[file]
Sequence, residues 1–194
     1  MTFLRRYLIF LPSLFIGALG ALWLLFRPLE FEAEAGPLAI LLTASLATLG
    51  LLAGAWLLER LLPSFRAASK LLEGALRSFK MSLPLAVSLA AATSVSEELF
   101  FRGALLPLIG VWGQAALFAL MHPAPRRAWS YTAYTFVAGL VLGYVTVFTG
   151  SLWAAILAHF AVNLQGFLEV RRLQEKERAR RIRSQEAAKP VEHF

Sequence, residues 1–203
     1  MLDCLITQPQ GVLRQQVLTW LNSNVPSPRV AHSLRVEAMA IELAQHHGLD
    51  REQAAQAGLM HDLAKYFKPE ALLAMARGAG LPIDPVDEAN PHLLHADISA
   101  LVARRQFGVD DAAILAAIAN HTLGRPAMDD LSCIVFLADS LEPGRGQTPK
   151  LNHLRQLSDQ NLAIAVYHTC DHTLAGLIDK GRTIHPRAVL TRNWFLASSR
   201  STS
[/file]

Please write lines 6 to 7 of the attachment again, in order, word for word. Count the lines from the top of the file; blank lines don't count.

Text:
Sequence, residues 1–203
     1  MLDCLITQPQ GVLRQQVLTW LNSNVPSPRV AHSLRVEAMA IELAQHHGLD